Another thing that has been changed up is the dungeons have all had their layouts tweaked. You have a new grappling hook which can be used in certain places to get up high; this adds some verticality and adds to that feeling of you being sneaky thieves moving through enemy territory. The other part of the layout tweak (besides just generally being a bit cleaner) is they've inserted three rooms where you can get the will seed of the palace master. Getting one restores 10% of the party SP, and getting all three causes them to turn into a special accessory. You will have to fight a hard enemy to get the third one, though.

Similarly, Mementos has been slightly modified. There is a new NPC who sells some nice items as well as letting you increase your experience, money, or item gain in Mementos by collecting items that are hanging around on the tracks. This gives you more reason to go in besides experience grinding (which can fall off rapidly) and the requests.

Aside from the post game it doesn't sound like a lot, but it all adds up to a smoother feeling experience. Another thing that happened was most of the times when you had to go straight to bed after story stuff you now can do stuff in the café, like reading, studying, or playing video games. Overall you just have more time, so a max confidants run has never been easier.

If you played through P5 before and have 110 hours free then I'd recommend snagging Royal. If you never played it but are a fan of the general Persona or SMT formula then P5R is the current pinnacle of it.
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BoneSnapDeez
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Re: Games Beaten 2020

by BoneSnapDeez Wed May 06, 2020 11:21 am

1. ACA NeoGeo: Cyber-Lip (Switch eShop)
2. Pengo (Atari 2600)
3. Kirby's Epic Yarn (Wii)
4. Knights of Xentar (PC)
5. Hoshi o Sagashite... (Mark III)
6. Dead Zone (Famicom Disk System)
7. Samurai Sword (Famicom Disk System)
8. High School! Kimengumi (Mark III)
9. Princess Tomato in the Salad Kingdom (NES)
10. Sindbad Mystery (SG-1000)
11. Steins;Gate (Vita)
12. Champion Boxing (SG-1000)
13. Squidlit (Switch eShop)
14. Skyblazer (SNES)
15. Tokyo Dark: Remembrance (Switch eShop)
16. Bubble Bobble (Famicom Disk System)
17. Steins;Gate Elite (Switch)
18. Johnny Turbo's Arcade: Joe and Mac Returns (Switch eShop)
19. Johnny Turbo's Arcade: Express Raider (Switch eShop)
20. Alex Kidd in the Enchanted Castle (Genesis)
21. Sword of Vermilion (Genesis)
22. Steins;Gate: My Darling's Embrace (Switch eShop)
23. Oink! (Atari 2600)
24. Bio Miracle Bokutte Upa (Famicom Disk System)
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Babies have a pretty decent life. They're clothed, fed, adored, and have their every whim catered to. Not Upa though. This baby lives in a magical kingdom where a goat demon has captured all the (other) babies and adults alike. It's up to Upa to save them. Thankfully he's no ordinary infant -- he's the BIO MIRACLE. Bio Miracle Bokutte Upa is an 8-bit platformer by Konami. It has one of the strangest release histories among retro games. The original Famicom Disk System variant (this one being reviewed) hit the scene in 1988. Five years later, there was a Famicom cartridge release. The Famicom disk to cart pipeline isn't totally unheard of, but was typically reserved for mega-hits like Zelda and Konami's own Castlevania. The cart version of Bio Miracle Bokutte Upa is extraordinary rare and expensive -- in fact, if you already own a vanilla Famicom console it's actually cheaper to buy a disk copy of the game and the Disk System peripheral itself versus ponying up the cash for a cart. Lastly, there was an unexpected Virtual Console (rest in peace) version that even made its way to the West. Strangely, it's based on the FDS original; the load times remain intact though the disk-flipping has naturally been scrubbed out. I've read reports about bootleg copies of the game released way back in the 90s (even in America) under the title Baby Mario but I haven't seen this myself.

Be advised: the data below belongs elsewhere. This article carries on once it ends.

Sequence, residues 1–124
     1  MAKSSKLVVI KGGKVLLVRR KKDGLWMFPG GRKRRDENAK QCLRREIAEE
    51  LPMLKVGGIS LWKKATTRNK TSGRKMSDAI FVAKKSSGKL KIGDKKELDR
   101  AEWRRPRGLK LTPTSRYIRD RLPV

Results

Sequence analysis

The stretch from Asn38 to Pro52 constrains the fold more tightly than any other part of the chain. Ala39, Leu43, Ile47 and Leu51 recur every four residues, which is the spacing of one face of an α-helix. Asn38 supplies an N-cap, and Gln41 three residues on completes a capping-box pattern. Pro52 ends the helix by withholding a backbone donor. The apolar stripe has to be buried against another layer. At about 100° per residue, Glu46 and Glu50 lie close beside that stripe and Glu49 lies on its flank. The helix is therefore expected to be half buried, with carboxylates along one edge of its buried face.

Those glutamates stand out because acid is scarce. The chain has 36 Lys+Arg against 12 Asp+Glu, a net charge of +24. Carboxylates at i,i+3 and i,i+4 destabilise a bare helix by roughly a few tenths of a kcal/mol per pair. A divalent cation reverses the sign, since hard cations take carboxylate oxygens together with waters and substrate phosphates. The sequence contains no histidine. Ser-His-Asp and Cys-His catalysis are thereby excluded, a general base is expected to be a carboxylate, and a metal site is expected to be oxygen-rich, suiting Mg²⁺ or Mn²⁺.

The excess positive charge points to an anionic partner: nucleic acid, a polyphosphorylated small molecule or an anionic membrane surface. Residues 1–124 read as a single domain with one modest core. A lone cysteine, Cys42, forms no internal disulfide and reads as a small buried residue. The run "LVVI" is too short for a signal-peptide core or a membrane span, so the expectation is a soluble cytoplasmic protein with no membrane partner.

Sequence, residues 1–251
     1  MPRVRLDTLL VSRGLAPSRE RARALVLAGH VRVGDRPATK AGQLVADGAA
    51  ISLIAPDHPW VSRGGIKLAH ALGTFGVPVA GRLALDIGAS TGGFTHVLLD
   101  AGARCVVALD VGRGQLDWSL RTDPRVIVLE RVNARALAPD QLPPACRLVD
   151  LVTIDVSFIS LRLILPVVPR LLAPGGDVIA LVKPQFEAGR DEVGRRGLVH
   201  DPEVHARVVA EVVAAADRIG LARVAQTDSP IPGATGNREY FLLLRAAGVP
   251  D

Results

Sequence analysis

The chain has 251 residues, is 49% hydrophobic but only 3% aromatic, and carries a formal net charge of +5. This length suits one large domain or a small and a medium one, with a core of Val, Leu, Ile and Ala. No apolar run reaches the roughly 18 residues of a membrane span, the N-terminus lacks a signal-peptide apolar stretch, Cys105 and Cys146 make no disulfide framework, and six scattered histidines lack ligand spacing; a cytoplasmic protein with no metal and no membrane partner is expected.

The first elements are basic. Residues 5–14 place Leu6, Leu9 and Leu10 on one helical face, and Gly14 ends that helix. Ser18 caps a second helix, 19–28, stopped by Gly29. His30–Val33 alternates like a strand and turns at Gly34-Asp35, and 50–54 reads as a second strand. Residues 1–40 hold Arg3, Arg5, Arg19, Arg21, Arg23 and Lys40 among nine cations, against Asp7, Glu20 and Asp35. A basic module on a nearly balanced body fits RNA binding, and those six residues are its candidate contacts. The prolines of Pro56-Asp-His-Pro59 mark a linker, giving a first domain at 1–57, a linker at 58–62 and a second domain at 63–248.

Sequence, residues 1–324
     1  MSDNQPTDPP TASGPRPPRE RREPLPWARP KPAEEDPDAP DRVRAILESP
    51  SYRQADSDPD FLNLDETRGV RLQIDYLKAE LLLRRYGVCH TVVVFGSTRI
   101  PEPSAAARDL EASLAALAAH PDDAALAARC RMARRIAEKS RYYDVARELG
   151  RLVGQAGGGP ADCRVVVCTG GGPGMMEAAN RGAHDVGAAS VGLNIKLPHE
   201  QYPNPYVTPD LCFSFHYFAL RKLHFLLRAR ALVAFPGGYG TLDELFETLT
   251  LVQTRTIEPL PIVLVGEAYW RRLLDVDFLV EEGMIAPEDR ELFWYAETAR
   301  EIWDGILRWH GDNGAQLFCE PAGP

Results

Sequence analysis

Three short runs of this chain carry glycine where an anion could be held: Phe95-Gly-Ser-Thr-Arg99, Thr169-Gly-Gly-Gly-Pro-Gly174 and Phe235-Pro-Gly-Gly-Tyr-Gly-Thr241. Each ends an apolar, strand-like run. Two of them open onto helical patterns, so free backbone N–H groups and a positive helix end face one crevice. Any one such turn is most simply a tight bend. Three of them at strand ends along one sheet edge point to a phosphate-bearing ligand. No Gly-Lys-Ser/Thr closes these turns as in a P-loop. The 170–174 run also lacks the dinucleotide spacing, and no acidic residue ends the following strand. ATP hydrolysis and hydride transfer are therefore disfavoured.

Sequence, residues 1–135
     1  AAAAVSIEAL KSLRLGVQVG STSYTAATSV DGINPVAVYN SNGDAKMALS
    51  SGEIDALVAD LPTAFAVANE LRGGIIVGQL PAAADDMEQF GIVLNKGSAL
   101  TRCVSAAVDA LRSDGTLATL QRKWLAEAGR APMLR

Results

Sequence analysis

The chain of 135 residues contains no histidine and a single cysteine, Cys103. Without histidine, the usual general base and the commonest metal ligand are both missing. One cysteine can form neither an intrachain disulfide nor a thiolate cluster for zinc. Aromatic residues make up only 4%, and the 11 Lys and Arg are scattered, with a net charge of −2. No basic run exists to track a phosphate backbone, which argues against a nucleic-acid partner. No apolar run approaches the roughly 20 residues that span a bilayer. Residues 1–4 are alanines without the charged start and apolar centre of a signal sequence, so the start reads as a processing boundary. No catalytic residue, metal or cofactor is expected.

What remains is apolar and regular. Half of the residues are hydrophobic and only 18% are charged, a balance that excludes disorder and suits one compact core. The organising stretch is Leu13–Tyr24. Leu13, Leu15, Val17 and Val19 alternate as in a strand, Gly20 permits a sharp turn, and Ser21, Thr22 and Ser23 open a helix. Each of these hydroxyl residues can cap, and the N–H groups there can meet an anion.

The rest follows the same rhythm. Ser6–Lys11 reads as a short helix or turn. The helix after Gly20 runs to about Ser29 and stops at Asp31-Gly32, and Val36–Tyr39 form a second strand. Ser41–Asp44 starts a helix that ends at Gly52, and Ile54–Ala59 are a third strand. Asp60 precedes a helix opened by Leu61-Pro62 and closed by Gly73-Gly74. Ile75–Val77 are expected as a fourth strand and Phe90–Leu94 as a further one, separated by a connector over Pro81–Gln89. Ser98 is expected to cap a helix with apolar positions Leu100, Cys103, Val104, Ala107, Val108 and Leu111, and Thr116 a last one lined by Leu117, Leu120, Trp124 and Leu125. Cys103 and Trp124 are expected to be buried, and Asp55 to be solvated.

Speaking of Mario, Bio Miracle Bokutte Upa is structured in a similar fashion. The game progresses in a linear fashion, with seven worlds each consisting of three smaller stages. It's a relative compact experience, designed to be played in a single hour-long sitting. Controls are of the expected B-attack/A-jump variety, but this baby has some tricks up his onesie sleeves. First: the jumping. Baby Upa jumps exactly like... well, how a baby might jump if a baby could jump. Short on height with some impressive horizontal distance. As such, Upa can clear jumps when low ceilings and overhangs are present, jumps that would present issues for the likes of Mario, Sonic, Simon Belmont, Mega Man, or Michael Jackson. Upa attacks with a rattle, but there are no insta-kills in baby land. The rattle instead inflates enemies; by default they begin to drift up and away in a diagonal direction. Such floaters can thus be repurposed as platforms, though they will "pop" after a few seconds. Inflated enemies can also be used as weapons: a bump to a floater will send it sailing in given direction, clearing out all hapless foes in its path. But beware: bumped floaters will ricochet and can damage Upa himself. Upa does have a lifebar, which can be lengthened via the collection of power-ups, though it will reset after a stage is completed. There are additional health refills (milk, of course) and an invincibility power-up which allows Upa to spontaneously walk and mow down anything in the path of his toddling baby feet.